Extensions are packages for VVV that install system level functionality. For example, a core extensions package is provided by default. This default extension can install phpMyAdmin, webgrind, and other versions of PHP.
Extensions used to be called utilities, but were renamed to avoid confusion.
Here are the default extensions as they would be defined in
config/config.yml in full:
extensions: core: - memcached-admin # Object cache management - opcache-status # opcache management - phpmyadmin # Web based database client - webgrind # PHP Debugging - tls-ca # SSL/TLS certificates - mongodb # needed for Tideways/XHGui - tideways # PHP profiling tool, also installs xhgui - wpcli-dev # Install a dev environment to use and contribute to WP-CLI - php # Install all the php extensions available automatically #- php74 #- php80 #- php81 #etc... extension-sources: core: repo: https://github.com/Varying-Vagrant-Vagrants/vvv-utilities.git branch: master
Extensions are defined at the end of the file, outside of the sites section. The
extension-sources section defines the name of an extension and where it can be found.
Lets say that I want to run Java 7 inside a VVV installation. In order to install java, I’ll need an extension. Lets name it
java and include it:
extensions: core: - php81 java: - java7 extension-sources: java: repo: https://github.com/example/java-utilities.git branch: master
My hypothetical extension defines how to install different versions of Java, and is located in a git repository. I might have defined how to install java 8, or java 6, but here I used java 7.
How Extension Repositories Are Structured
An extension git repo contains folders, and each folder has a provisioner script inside.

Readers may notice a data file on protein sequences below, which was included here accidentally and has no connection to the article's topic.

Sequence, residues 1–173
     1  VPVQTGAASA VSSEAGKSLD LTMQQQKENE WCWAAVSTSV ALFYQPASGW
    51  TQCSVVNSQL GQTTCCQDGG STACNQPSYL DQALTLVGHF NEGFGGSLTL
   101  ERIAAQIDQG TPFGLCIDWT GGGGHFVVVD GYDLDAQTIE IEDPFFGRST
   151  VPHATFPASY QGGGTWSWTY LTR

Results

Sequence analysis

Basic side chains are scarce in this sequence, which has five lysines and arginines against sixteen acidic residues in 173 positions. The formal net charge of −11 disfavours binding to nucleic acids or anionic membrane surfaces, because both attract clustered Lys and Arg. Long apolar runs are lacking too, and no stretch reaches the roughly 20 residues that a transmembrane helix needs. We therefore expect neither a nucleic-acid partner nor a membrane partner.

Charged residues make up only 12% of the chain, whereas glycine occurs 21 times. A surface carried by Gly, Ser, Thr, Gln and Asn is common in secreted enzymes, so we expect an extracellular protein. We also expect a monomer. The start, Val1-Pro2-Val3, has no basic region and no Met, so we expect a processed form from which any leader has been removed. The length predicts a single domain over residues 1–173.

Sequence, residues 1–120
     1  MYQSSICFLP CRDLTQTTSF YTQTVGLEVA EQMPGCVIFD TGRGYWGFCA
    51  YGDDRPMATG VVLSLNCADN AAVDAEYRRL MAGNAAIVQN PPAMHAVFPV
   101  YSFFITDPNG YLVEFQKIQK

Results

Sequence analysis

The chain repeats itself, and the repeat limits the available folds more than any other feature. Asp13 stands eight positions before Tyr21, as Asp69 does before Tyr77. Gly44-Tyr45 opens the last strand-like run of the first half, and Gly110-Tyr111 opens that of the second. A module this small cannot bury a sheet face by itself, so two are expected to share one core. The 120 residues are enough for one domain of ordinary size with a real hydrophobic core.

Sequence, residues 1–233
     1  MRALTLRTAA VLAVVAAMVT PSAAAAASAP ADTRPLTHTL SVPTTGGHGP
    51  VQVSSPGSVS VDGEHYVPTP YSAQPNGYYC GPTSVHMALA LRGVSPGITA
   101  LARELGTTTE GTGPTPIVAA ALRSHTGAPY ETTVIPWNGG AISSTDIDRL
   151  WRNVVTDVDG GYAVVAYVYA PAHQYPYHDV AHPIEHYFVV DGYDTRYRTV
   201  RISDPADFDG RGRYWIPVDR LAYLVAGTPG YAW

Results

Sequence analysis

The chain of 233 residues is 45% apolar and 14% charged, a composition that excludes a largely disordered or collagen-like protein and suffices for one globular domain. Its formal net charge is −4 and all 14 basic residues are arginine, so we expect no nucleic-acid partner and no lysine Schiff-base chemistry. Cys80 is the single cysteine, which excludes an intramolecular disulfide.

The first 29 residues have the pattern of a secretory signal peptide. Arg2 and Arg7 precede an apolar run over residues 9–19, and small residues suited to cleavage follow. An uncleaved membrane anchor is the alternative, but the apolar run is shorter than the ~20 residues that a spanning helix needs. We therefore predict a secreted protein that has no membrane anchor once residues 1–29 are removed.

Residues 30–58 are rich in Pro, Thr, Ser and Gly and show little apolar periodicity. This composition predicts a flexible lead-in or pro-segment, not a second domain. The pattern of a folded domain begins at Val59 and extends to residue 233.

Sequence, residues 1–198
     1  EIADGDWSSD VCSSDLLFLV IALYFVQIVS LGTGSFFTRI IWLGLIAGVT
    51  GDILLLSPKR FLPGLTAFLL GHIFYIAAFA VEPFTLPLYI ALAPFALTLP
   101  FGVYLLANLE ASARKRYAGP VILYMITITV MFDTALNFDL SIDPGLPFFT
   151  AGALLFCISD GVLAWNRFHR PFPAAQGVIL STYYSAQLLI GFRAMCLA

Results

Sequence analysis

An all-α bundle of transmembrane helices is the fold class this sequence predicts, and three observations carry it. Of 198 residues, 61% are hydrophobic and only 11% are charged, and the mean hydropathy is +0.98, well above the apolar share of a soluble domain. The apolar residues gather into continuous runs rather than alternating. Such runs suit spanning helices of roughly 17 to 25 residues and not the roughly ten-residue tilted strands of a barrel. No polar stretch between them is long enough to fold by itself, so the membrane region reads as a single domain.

With this in mind, I would expect the java repository mentioned earlier to have this folder structure:
The name of the subfolder maps directly on to what is put in
config/config.yml. VVV will run the
provision.sh file, at which point it can do as it pleases. This could be installing a package via
apt-get or something else. Other files can be included in these folders for
provision.sh to make use of.
It’s possible to provision a single extension on its own, without provisioning the whole of VVV using the
--provision-with parameter of vagrant.
As an example from the
config/config.yml above, we can run
vagrant provision --provision-with="extension-core-php81" to provision only the PHP 8.1 extension.
Important: To work this command requires that the extension is also enabled in the
config/config.yml file, it won’t add it automatically.
Community extensions are independently developed and contributed by interested members of the community, provided on an ‘as is’ basis.
- VVV Wordmove Extension: Installs Wordmove (and Ruby). https://github.com/welaika/vvv-wordmove/
- VVV Solr Extensions: Installs Solr and Java. https://github.com/ocean90/vvv-solr-utilities
- VVV GMP Extension: Installs GMP. https://github.com/denisyilmaz/vvv-gmp-utility
- VVV Browscap Extension: Installs browscap module for PHP. https://github.com/dingo-d/browscap-vvv-utility
- VVV Redis Extension: Installs Redis. https://github.com/dingo-d/redis-vvv-utility
- VVV php-ldap Extension: Installs php-ldap. https://github.com/olipayne/vvv-php-ldap
Edit this page